One of the things that was mentioned at the panel, and that started to bother me about halfway through the book, was that, although the Condor failed in their war for reasons that were eventually explained and fit the world well, it seemed unlikely that some other culture wouldn't soon do a similar thing more successfully (or, as it was bothering me while I was reading, that some other culture hadn't done it already). This kind of broke me out of the book, which I'd been reading in a very predictive, this-could-come-to-pass way, and made it seem a lot less realistic.
But looking back on it, I realize that it's not a realism problem. It's a time problem.
The way the book is presented is also the way the Kesh see the world: everything is as it has always been and will always be. It's in the eternal present. But the actual bits of the book -- the poems, the plays, Stone Telling's story -- all come from a particular present. The way of life of the Kesh, although they think of it as eternal, may not last very long. The strong sense of place and home and cycles that's present in the book makes it feel like a culture that has lasted a long time and will last much longer, but their attitude toward history makes it impossible to know whether that's the case.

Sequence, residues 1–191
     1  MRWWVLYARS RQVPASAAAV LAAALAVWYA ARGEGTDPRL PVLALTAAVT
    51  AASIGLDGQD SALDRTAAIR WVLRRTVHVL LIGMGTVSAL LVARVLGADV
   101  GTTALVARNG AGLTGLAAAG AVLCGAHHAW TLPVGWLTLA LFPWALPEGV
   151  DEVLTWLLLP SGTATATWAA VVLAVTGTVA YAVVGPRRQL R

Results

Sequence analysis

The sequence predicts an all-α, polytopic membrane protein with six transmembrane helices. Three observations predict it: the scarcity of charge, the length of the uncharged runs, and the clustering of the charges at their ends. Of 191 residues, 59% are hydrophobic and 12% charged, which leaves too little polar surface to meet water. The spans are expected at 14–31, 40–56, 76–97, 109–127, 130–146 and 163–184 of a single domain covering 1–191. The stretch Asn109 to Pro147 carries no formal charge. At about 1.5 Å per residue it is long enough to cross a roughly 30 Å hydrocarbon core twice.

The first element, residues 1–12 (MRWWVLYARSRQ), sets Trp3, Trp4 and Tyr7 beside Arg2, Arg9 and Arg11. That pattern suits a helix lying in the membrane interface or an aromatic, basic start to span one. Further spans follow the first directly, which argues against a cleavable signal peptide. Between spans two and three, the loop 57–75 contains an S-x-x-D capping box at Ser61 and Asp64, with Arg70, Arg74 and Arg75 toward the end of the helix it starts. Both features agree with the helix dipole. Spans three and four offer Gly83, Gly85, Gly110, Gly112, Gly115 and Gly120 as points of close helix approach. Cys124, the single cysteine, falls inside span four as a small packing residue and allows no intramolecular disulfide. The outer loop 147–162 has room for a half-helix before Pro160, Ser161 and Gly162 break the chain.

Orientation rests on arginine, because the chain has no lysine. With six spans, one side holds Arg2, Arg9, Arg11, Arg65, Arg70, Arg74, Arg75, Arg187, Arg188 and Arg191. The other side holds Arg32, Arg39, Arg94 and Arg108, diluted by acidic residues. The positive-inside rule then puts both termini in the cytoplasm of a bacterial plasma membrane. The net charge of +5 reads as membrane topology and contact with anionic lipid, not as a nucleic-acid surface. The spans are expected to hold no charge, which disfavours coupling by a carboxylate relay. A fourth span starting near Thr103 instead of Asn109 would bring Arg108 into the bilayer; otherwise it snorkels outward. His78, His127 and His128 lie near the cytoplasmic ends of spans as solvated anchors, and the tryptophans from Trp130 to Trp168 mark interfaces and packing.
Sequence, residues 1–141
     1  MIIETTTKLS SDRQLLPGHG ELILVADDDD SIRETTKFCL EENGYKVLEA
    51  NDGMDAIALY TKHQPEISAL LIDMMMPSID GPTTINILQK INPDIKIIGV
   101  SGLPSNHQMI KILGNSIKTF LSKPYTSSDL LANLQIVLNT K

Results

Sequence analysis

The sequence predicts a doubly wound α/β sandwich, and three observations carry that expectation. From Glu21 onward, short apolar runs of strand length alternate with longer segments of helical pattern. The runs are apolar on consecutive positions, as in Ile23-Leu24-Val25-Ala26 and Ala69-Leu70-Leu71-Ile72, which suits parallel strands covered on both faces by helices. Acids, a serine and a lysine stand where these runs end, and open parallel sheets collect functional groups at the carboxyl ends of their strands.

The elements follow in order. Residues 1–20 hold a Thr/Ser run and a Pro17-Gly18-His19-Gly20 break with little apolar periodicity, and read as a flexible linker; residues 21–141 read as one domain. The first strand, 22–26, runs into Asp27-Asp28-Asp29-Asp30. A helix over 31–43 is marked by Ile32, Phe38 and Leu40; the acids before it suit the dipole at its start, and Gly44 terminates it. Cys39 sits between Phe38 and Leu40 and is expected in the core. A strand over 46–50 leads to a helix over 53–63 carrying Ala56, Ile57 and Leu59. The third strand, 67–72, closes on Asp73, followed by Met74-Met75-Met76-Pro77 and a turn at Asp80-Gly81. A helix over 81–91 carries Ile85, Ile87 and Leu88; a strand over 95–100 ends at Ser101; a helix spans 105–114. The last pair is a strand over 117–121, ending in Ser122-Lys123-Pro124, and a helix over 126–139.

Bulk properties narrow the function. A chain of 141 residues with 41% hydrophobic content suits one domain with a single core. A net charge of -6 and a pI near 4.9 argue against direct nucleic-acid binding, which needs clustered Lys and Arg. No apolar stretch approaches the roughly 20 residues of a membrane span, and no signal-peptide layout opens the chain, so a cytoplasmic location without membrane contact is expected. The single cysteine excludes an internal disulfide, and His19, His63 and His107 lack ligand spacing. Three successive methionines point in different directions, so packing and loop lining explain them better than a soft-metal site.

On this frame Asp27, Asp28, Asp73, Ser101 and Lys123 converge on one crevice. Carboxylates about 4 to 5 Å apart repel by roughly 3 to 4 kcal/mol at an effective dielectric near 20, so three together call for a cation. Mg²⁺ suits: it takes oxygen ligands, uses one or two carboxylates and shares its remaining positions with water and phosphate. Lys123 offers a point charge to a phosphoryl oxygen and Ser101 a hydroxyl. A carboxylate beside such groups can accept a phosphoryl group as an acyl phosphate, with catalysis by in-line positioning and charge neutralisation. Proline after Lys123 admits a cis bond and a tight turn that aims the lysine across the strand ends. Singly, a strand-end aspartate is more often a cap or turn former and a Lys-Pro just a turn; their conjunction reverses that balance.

In retrospect, it feels like a precious soap bubble, a specific moment in time. The Kesh may be coming from or becoming some very different culture; the tanks may be just over the hill. But this isn't visible from inside the book, because the book is using the ethnographic present, which dovetails with the Kesh cyclic concepts to create this sense of timelessness, which is not necessarily reflected in the history of the Kesh or the world as an outside observer with a linear sense of time would record it.
I know I saw more hands raised than there was time to call on, so this seems like a good place to continue the panel discussion, if any of those people would like to add their comments.